This collection contains correspondence, pamphlets, periodicals, newspapers, press releases, writings, clippings, brochures, fliers, and posters from the era of the Spanish Civil War, and later, documenting American and international fund-raising for humanitarian relief of Republican Spain; American and international public opinion about the war; the participation of Jews in the International Brigades; and reminiscences and commemorations of the war and, particularly, of the International Brigades, in later years. A portion of the material on relief work pertains to trade union activities, as documented in papers of Charles S. Zimmerman, of the International Ladies’ Garment Workers’ Union, in his capacity as leader of Trade Union Relief for Spain, in New York City. Other organizations represented include the Medical Bureau and North American Committee to Aid Spanish Democracy; the Spanish Information Bureau in New York; the Friends of the Abraham Lincoln Brigade; and the Israeli branch of the association of volunteers in the International Brigades. There are also autobiographical manuscripts by Benjamin Lubelski and Sigmund Stein, who participated in the International Brigades; and contemporary publications in a variety of languages, including publications of the anarchist-leaning Spanish trade union confederations CNT-FAI.
The Vilna Collection represents fragmentary materials that were part of the original YIVO Archives in Vilna before WWII. The collection includes a wide array of materials dealing with a great variety of aspects of Jewish life in the Pre-revolutionary Russian Empire and post-revolutionary Poland, Ukraine, Lithuania, and Soviet Russia. The Collection consists of personal correspondence, official correspondence with organizations and governmental institutions, financial and statistical reports, minutes of meetings of Jewish communal and political organizations, bibliographic materials, including card catalogues and bibliographies. Also included here are vital documents, such as birth certificates and birth registers, affidavits, certificates, diplomas, and travel documents. Additionally, there are petitions, resolutions, appeals, printed materials, manuscripts, lists, and questionnaires. There is a wealth of materials dealing with Jewish book trade and publishing, youth and sports organizations, education, Jewish communal life, and political activities.
Record Group 1.1, the primary collection of records from the period when YIVO was headquartered in Vilna, reflects the wide range of activities YIVO engaged in from 1925-1941. Founded as an institute for the study of Yiddish speaking Jewry, YIVO grew to become a research institute, library, archive, and graduate program in one. The collection consists primarily of administrative material such as correspondence, financial records, minutes, reports, lists, and newspaper clippings, as well as essays and publications of the Aspirantur, Division of Youth Research, and the Economic-Statistical, Psychological-Pedagogical, and Philological sections. It incorporates material generated by the Vilna office, satellite offices in Berlin, Warsaw, and New York, and by supporters and collectors throughout Poland, Europe, and indeed the world.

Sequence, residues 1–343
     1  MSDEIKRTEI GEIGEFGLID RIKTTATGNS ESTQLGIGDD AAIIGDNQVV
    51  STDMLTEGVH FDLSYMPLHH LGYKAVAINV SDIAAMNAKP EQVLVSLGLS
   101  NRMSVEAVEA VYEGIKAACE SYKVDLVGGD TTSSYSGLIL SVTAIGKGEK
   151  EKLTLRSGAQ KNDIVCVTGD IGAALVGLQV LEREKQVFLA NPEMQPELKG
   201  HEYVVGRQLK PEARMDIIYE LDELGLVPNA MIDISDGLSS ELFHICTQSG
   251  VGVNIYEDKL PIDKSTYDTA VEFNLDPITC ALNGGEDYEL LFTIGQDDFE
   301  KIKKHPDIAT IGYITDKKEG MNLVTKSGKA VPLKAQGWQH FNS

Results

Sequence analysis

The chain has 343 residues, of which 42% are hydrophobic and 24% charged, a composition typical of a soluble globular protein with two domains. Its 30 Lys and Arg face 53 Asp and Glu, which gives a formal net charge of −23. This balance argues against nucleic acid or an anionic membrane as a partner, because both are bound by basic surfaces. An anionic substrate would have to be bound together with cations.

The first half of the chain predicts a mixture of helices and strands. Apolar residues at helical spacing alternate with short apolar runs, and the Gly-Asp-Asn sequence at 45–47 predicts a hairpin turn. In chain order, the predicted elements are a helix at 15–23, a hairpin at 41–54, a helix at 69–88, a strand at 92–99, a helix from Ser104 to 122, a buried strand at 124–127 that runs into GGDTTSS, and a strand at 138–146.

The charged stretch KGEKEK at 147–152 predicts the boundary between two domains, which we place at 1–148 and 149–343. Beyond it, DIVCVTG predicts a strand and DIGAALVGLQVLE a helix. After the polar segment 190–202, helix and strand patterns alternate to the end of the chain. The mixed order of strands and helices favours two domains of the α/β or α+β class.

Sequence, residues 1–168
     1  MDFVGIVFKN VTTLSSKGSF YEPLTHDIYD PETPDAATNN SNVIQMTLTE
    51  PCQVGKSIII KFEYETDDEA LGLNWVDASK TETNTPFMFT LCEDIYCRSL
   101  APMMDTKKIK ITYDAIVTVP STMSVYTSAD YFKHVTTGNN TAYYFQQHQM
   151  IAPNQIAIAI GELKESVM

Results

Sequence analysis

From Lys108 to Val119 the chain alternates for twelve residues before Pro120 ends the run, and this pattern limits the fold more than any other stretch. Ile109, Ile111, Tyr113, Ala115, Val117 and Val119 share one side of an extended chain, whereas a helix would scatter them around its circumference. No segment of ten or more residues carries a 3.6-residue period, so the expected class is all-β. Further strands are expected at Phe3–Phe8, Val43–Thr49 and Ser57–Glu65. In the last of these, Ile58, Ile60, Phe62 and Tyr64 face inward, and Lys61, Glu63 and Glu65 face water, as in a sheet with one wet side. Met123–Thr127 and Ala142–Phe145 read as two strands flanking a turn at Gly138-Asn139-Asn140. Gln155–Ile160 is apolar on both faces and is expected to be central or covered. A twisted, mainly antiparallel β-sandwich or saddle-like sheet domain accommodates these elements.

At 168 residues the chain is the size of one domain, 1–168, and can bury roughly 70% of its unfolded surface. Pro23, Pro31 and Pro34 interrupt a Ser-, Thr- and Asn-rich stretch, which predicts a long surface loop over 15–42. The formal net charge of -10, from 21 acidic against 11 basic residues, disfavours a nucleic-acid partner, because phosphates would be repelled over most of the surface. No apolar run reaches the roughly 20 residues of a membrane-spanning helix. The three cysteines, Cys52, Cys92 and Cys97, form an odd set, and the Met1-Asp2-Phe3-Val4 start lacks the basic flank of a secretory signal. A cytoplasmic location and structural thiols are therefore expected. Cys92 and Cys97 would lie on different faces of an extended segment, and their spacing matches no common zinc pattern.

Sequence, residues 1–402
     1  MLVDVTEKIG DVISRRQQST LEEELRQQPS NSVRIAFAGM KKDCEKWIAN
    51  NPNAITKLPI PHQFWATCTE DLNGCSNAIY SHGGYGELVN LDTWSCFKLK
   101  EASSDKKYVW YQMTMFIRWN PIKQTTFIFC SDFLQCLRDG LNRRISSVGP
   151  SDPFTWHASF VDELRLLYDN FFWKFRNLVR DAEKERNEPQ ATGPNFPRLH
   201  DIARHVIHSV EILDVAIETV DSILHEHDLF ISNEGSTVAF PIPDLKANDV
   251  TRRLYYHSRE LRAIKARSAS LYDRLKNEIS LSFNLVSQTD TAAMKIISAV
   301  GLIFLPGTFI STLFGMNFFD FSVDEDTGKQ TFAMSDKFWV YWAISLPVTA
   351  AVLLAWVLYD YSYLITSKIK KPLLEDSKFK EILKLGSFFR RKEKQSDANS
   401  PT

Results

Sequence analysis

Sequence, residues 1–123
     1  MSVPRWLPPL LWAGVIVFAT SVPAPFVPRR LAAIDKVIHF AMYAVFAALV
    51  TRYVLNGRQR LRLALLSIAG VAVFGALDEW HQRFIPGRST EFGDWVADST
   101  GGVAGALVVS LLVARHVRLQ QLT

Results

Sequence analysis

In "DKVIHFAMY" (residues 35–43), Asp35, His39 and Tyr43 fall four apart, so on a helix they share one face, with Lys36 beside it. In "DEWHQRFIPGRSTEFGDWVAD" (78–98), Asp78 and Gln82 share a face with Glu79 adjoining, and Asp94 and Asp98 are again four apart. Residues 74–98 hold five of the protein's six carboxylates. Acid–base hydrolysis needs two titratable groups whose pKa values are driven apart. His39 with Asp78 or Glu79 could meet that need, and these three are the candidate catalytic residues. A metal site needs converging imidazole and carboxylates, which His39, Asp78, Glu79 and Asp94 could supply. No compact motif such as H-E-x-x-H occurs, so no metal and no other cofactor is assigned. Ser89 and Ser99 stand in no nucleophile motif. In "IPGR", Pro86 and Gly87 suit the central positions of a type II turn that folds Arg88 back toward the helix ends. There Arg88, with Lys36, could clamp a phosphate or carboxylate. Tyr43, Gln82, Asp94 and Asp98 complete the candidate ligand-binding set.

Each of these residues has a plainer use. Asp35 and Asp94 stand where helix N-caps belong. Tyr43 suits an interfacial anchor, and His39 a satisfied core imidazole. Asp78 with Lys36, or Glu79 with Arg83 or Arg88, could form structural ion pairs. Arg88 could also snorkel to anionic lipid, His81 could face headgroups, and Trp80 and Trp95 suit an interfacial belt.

- YIVO Institute for Jewish Research 20
- American Jewish Historical Society 4
- American Sephardi Federation 1
- Leo Baeck Institute 1
- Clippings (information artifacts) 15
- Financial records 10
- Manuscripts (documents) 9
- Photographs 9
- Reports 8
- Administrative reports 6
- New York (N.Y.) 6
- Official documents 6
- Poland 6
- Russia 6
- Vilnius (Lithuania) 6
- Antisemitism 5
- Emigration and immigration 5
- Pamphlets 5
- Petitions 5
- Testimonies 5
- Germany 4
- Holocaust survivors 4 + ∧ less
- Yiddish 25
- German 21
- English 20
- Hebrew 20
- Russian 18
- French 15
- Spanish; Castilian 9
- Italian 7
- Ukrainian 7
- Dutch; Flemish 6
- Chinese 3
- Czech 3
- Lithuanian 3
- Romanian; Moldavian; Moldovan 3
- Swedish 3
- Belarusian 2
- Croatian 2
- Hungarian 2
- Amharic 1 + ∧ less
- YIVO Archives 9
- American Jewish Joint Distribution Committee 6
- Cherikover, I. M., 1881-1943 3
- World ORT Union 3
- "Bund"-arkhiṿ fun der Yidisher arbeṭer-baṿegung o.n. fun Frants Ḳursḳi 2
- Brandeis, Louis Dembitz, 1856-1941 2
- Dubnow, Simon, 1860-1941 2
- HIAS (Agency) 2
- International Refugee Organization 2
- Jewish Agency for Israel 2
- Marshall, Louis, 1856-1929 2
- Mizrakh Yidisher Historisher Arkhiv 2
- New York Board of Rabbis 2
- Obshchestvo Zdravookhraneniya Yevreyev 2
- Rejzen, Zalman, 1887-1941 2
- Shrayber farband fun sheyres hapleyṭe 2
- Shṭif, Naḥum, 1879-1933 2
- Shṿartsbard, Shalom, 1886-1938 2
- United Nations Relief and Rehabilitation Administration 2
- Vinaver, M. (Maksim), 1862 or 1863-1926 2 + ∧ less